Last week one of Napa Valley's legendary winemakers passed. Peter Mondavi Sr. was an innovator and was most proud of not having to sell out to corporate interest, he steadfastly worked to keep Charles Krug Winery in family hands. We send out our thoughts and prayers to the family.

Open that bottle night has come and gone. Held on the last Saturday of every February and started by wine writers Dorothy Gaiter and John Brecher,  it's celebrated as a reason to open up that bottle that you've been saving for a special occasion. If you participated in the event share with us what you had.

New research presented by the Wine Market Council shows that millennials have overtaken baby boomers and Gen Xers with regards to wine drinking rates.  

Talia Jane sent off a blog post to her boss, Jeremy Stoppleman CEO of Yelp, detailing how difficult it was to work for his company due to the inadequate compensation package she was receiving. Now she's wondering why she's unemployed and is asking for handouts. Stephanie Williams a millennial herself offers her take on Talia's dilemma. 

Four Seasons Vineyard Management and Ridge Vineyards have been fined $42,300 for housing violations related to a migrant farm worker facility in Healdsburg, Ca.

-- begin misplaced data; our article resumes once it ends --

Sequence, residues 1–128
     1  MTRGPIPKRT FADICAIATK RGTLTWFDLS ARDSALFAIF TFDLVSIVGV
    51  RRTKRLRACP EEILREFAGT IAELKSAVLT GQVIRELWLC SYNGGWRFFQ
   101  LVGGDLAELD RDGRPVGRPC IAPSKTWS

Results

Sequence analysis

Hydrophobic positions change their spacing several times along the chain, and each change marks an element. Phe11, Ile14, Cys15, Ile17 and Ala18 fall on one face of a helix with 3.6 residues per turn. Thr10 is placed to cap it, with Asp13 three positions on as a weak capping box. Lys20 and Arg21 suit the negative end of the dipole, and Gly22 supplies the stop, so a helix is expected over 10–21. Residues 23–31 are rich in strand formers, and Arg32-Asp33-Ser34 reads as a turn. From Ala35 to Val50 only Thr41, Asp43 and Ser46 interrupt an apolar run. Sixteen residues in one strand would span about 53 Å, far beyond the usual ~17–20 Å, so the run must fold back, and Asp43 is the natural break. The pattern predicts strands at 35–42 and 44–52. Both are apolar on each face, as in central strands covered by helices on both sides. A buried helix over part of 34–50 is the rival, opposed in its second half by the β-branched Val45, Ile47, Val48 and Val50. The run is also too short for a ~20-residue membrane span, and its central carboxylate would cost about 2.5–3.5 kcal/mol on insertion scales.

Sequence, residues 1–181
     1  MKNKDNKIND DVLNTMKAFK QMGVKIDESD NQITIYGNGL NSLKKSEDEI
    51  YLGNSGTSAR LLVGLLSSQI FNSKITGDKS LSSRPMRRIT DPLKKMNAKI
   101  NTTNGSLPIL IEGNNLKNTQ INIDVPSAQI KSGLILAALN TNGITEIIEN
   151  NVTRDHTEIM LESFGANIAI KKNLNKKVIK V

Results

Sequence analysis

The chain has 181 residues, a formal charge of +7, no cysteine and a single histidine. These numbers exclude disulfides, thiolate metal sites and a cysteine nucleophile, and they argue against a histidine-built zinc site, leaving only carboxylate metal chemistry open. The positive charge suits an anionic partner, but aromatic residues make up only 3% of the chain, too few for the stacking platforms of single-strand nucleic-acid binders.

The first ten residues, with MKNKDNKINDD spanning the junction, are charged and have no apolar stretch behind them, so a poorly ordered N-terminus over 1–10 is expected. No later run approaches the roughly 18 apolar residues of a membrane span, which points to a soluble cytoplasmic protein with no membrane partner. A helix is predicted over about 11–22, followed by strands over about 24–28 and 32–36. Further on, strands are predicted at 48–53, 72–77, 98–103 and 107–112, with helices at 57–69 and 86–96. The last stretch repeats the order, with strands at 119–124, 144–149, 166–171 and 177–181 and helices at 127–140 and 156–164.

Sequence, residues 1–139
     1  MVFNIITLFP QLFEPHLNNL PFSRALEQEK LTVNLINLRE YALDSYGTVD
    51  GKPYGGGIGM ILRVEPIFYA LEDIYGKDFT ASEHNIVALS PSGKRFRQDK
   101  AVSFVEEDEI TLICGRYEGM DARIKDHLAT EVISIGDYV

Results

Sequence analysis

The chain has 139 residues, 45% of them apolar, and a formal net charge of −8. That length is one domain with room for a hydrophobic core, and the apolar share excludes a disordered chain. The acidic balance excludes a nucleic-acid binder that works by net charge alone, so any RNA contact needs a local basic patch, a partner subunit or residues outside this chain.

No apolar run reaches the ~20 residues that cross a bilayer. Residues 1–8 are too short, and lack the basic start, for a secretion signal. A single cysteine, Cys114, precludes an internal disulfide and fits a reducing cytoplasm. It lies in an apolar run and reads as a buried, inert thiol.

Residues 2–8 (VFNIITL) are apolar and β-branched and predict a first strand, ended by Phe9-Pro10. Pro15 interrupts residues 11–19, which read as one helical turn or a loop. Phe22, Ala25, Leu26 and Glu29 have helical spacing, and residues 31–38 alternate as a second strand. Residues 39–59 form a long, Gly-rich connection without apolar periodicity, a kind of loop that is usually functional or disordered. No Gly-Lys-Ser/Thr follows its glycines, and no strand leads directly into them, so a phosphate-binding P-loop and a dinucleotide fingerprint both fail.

Here's a link for some quick updates on the Premier Cru bankruptcy and scandal. Zachary Sussman pens an excellent post on the subject of wine futures, detailing how they work and sometimes why they don't.  

Do we need another law aimed at dealing with drunk drivers? Assemblywoman Lorena Gonzalez, D-San Diego believes we do and has introduced a bill that would require more training for restaurant and bar workers to recognize patrons that have had too much to drink. 

Kerin O'Keefe tells a story about one of the most exciting white wines coming out of northern Italy.

Wine of the week: 2011 Castello di Volpaia Chianti Classico Riserva 

Volpaia is a hilltop walled village north of Radda in central Tuscany. Raffaelo Stianti purchased the estate in 1966 and when his daughter Giovanella married in 1972, the estate became the young couples wedding present. All of the estate owned vineyards are organically farmed and certified, 114 acres in total, situated with southern hillside exposures at 1,300 to 2,130 ft. The nose shows black plums and cherries, floral aromas of lavender, with trailing hints of sage and cedar. Elegant with crisp acidity and good structure it's full bodied at 14.5 % alc. On the palate it has beautiful juicy black fruit, with silky tannins and a persistent finish.  $25 

Thanks for listening and please tell a friend. Cheers!